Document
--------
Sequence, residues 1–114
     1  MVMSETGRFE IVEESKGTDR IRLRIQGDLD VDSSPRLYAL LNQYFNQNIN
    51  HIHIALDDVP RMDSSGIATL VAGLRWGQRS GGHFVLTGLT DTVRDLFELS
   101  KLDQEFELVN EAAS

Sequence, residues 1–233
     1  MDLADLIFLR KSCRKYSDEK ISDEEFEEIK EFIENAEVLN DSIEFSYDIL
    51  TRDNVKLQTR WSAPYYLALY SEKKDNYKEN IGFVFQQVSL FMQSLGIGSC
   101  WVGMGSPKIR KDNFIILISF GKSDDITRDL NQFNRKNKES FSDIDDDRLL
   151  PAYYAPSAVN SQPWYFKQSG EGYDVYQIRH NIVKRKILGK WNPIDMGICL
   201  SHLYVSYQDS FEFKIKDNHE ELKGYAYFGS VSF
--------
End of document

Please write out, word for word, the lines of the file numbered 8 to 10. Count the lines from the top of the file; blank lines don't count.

   101  WVGMGSPKIR KDNFIILISF GKSDDITRDL NQFNRKNKES FSDIDDDRLL
   151  PAYYAPSAVN SQPWYFKQSG EGYDVYQIRH NIVKRKILGK WNPIDMGICL
   201  SHLYVSYQDS FEFKIKDNHE ELKGYAYFGS VSF